f Now Lieutenant-general and Colonel of the 7th regiment of Dra- 
goon Guards. 

^ Very different was the conduct of Charles V. to the Elector of 
Saxony, afier the affair of Muhlberg, in which he was made prisoner ; 
approaching the Emperor, the unfortunate Prince addressed him, 
" The fortune of war has made me your prisoner, most gracious Em- 
peror, and I hope to be treated—" here Charles harshly interrupted 
him, " and am I then at last acknowledged to be Emperor ? Charles 

vol. L S s 




vanced, and he and General Gates saluted and shook 
hands with the familiarity of old acquaintances. The 
Baron Reidcsel and the other officers were introduced in 
their turn, and as soon as the ceremony was concluded, I 
left the party and returned to the British camp, to esta- 
blish guards, take au account of the ordnance and give 
orders for the march of the prisoners. 

Of the returns* exhibited in this place, the first will 
shew the whole train of artillery which accompanied the 
British army, excepting four light pieces taken at Ben- 
nington, and will serve to contradict the malicious fabri- 
cations invented on that subject, and framed to prejudice 
General Burgoync's character; and the other is a testi- ,1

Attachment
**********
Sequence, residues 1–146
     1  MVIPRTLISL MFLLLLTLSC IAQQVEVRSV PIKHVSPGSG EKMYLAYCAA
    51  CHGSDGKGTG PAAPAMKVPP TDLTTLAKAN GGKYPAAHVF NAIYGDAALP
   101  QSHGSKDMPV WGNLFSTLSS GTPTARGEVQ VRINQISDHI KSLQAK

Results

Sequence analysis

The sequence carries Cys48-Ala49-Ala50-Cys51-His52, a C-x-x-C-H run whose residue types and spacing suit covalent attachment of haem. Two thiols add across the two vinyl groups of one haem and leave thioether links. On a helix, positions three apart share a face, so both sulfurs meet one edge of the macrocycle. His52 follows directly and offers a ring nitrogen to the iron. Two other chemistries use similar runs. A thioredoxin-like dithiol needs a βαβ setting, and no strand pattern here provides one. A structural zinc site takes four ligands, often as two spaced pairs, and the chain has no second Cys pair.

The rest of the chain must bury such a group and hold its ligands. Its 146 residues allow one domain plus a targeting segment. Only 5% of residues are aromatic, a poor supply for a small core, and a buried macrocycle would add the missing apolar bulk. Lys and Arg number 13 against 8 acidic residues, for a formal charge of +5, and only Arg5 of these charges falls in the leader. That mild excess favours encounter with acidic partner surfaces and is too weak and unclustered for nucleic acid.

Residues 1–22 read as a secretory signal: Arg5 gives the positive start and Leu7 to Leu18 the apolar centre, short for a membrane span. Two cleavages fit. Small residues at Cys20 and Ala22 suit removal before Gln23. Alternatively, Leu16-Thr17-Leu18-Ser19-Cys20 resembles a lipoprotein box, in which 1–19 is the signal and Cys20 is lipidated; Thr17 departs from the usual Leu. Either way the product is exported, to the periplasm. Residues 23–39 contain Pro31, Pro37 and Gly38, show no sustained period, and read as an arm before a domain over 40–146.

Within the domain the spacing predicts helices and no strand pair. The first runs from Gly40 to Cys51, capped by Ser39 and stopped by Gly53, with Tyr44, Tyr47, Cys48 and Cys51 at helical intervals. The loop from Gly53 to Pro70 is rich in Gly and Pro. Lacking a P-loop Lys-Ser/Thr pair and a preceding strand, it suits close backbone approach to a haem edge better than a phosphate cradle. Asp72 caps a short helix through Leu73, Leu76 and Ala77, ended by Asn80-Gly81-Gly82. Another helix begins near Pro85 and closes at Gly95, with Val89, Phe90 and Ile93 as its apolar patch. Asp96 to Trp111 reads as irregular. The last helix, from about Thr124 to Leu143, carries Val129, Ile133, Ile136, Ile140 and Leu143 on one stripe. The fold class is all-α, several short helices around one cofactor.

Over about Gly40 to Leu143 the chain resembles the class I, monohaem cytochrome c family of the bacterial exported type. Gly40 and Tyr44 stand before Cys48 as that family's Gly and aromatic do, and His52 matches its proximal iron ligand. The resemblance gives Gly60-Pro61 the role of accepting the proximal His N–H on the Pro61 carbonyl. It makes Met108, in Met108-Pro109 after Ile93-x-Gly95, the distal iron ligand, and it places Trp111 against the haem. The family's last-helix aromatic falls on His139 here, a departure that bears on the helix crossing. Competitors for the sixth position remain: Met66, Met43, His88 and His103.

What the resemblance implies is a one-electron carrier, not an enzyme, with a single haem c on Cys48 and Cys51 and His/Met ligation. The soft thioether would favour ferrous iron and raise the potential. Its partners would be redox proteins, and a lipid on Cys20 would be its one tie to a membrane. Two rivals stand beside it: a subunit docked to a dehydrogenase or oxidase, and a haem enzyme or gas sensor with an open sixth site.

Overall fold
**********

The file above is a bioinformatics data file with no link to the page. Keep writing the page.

inonial that although conquered, the British army fought 
gallantly, bled profusely, and fell covered with honour. The 
unprecedented disproportion in killed and wounded of their 
officers and privates, must be accounted for on the superior 
marksmanship of the yeomanry of the country, who had 
been accustomed to the use of armsfrom early youth, and not 

of Ghent was the only title, you lately bestowed on me. You shall bqr 
treated as you deserve." And turned from him abruptly with an 
haughty air. 

f RETUMJV of Ordnance and Stores taken from the enemij, Oct. 7th 
and \7th, 1777. 




I Taken 7th October, 

near Stillwater. 

Brass 12 pounder, 
Do. 6 do. 


Do. 24 do. 
Do. 12 do. 


Do. 6 do. 

Do. 3 do. 
Royal howitzers, 
Eight inch howitzers, 




yraken October 17th, 

at Saratoga. 

Total of ordnance. 


J\r. £. Implements and stores complete for the pieces ; particulars 
not ascertained for want of time; five thousand stand of arms are 
taken, and a great quantity of musket cartridges and a number of am- 
BJunition wagons, travelling forges, &c. 


Commanding' U. S. Artillery 



yet sufficiently drilled to have lost the faculties of volition, CHAP. 
And Morgan's corps then and Forsyth's in the late war ^'^^'•